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S8E4 - Improving mental health services for people affected by NTDs: Perspectives of community health workers in Liberia
Episode 431st August 2022 • Connecting Citizens to Science • Liverpool School of Tropical Medicine
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In this week’s episode we hear from two community health workers about the work they have been doing to improve mental health services for people affected by neglected tropical diseases (NTDs) as part of the REDRESS programme in Liberia. Satta Sonnie Kollie in Lofa County, Liberia is a community health services supervisor and peer researcher; and Harrison Wenjor in Grand Gedeh, Liberia is the focal person for TB and people affected by NTDs. They discuss the importance of using local dialect, and being a trusted member of the community, especially when talking about mental health and providing counselling to people affected by chronic health conditions.

Satta Sonnie Kollie 

Community health services supervisor and coresearcher, Government of Liberia – Lofa County/REDRESS 

I am Satta Sonnie Kollie from Lofa County, Liberia. I am Community health services supervisor and coresearcher. I am responsible to supervise the Community health assistants under clinic, give health education to our people in the communities, increasing facility delivery and also making our various communities to know the importance of their good health. 

D. Harrison Wenjor

Former Focal Person for TB, Grand Gedeh, Formerly Government of Liberia – Grand Gedeh County/REDRESS 

D. Harrison Wenjor has spent many decades working in community health in Grand Gedeh. He worked as the focal person for TB and has worked closely with people affected by various neglected tropical diseases. He is passionate about community health and improving access to health, particularly for the most marginalised.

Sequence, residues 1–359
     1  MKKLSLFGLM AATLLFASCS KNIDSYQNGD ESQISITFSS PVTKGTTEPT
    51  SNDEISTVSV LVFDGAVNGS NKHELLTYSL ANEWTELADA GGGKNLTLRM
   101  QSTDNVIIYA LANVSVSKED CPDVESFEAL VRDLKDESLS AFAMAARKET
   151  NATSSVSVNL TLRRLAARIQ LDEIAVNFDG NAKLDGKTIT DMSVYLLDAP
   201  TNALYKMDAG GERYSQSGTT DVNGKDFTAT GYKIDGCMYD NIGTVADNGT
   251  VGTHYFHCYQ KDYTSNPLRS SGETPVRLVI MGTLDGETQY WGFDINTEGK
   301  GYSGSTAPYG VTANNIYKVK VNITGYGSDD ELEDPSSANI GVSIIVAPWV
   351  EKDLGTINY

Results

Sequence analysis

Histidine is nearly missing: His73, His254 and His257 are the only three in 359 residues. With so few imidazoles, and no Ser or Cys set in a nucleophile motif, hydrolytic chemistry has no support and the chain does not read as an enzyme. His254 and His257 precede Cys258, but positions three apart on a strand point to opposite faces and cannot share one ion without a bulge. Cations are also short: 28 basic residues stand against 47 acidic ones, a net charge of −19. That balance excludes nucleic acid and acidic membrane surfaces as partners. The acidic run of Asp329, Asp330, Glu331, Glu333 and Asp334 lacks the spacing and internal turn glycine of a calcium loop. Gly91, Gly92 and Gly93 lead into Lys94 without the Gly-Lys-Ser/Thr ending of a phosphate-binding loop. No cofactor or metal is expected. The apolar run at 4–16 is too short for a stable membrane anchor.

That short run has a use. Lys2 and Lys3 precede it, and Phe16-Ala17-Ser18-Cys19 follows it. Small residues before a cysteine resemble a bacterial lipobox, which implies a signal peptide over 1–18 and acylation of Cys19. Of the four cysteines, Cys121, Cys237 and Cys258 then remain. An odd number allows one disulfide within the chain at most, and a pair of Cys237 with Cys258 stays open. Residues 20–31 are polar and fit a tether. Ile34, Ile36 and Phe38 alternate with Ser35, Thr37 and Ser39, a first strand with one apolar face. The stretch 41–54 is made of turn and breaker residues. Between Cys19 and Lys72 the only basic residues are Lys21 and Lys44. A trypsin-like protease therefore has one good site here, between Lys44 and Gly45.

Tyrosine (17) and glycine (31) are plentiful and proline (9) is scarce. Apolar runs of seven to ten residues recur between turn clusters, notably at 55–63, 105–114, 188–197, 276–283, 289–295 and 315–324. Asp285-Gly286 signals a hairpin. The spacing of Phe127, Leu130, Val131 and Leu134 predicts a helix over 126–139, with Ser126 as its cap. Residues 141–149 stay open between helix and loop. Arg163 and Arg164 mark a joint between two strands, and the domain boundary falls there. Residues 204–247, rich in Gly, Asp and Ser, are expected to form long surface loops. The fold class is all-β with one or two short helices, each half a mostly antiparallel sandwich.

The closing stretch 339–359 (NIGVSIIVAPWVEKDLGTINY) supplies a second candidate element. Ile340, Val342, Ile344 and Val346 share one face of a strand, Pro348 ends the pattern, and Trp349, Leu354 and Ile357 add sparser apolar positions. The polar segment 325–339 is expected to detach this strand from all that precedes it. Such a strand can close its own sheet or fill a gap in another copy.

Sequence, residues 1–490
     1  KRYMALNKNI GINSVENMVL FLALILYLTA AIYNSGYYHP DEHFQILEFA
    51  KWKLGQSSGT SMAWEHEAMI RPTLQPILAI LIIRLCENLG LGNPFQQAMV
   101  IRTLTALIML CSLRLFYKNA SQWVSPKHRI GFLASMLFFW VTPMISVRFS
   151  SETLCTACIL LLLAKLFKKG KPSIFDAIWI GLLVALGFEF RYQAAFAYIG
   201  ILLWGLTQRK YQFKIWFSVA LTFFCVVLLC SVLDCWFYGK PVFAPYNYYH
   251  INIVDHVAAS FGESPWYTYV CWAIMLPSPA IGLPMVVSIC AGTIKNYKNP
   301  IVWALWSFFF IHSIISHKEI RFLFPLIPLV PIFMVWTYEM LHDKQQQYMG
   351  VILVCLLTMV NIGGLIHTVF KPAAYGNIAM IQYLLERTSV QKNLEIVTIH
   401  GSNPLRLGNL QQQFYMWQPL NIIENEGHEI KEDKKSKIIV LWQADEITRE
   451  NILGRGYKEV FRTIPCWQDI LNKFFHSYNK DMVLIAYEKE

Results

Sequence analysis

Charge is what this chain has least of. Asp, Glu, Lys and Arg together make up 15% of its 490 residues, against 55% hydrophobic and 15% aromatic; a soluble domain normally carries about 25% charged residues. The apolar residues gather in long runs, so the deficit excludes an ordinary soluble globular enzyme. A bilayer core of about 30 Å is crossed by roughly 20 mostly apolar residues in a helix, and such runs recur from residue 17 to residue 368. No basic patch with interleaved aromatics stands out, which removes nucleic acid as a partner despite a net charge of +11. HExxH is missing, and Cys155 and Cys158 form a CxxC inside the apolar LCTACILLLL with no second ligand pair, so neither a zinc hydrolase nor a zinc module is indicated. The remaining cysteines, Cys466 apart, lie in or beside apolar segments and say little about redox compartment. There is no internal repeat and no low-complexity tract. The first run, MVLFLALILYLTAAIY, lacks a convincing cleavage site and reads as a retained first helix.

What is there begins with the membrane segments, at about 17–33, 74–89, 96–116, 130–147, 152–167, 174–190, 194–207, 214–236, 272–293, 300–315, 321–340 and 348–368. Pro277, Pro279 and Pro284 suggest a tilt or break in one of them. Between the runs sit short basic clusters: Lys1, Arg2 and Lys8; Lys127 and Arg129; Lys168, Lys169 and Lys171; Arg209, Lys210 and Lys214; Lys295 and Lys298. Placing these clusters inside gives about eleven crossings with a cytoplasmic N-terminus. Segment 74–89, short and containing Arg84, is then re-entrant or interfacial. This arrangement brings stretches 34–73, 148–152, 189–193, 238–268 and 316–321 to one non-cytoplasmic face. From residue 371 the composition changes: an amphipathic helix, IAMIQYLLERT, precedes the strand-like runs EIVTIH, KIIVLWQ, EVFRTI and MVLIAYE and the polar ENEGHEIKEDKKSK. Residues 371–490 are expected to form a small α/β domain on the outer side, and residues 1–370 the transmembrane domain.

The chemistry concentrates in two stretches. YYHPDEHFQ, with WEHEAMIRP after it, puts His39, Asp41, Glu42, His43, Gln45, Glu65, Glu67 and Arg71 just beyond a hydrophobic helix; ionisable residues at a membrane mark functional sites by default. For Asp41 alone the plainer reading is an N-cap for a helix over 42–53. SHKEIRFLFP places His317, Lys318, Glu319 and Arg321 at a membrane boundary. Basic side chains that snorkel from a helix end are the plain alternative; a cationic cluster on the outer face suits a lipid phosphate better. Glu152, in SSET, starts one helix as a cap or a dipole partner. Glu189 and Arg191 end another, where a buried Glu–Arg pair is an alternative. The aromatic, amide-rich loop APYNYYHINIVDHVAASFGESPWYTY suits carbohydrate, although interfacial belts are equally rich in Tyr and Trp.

https://www.redressliberia.org/ 

Twitter: @REDRESS_Liberia 

Transcript available here

Transcripts

Kim:

Hello listeners.

Kim:

The connecting citizens to science podcast is a global health podcast.

Kim:

That means that we try to reach voices in different countries, in different

Kim:

contexts and the sound quality can sometimes be compromised . So we

Kim:

recommend for this episode, which was recorded in Liberia that you do

Kim:

read alongside using the transcript so that you can really understand

Kim:

and hear these very important voices that are represented in this episode.

Kim:

You can find the transcripts within the blurb, and at the bottom of the Liverpool

Kim:

school of tropical medicine podcast site.

Kim:

Thank you for listening and enjoy the episode.

Kim:

Hello listeners and welcome to the connecting citizens to science podcast.

Kim:

I'm Dr.

Kim:

Kim Ozano and together with a selection of co-host from around the world, we discuss

Kim:

the ways in which people and communities connect with research and science.

Kim:

We hear from patients and survivors, health workers, policy makers, scientists,

Kim:

and implementing research organizations about the methods and approaches that

Kim:

they apply to co-produced knowledge to address current global health challenges.

Kim:

Thank you for listening and onto this week's episode.

Kim:

Hello listeners and welcome back or welcome for the first time to the

Kim:

connecting citizens to science podcast.

Kim:

This month's podcast series will be exploring mental wellbeing amongst people

Kim:

affected by chronic health conditions.

Kim:

We will be hearing about examples from neglected tropical

Kim:

disease research or NTDs.

Kim: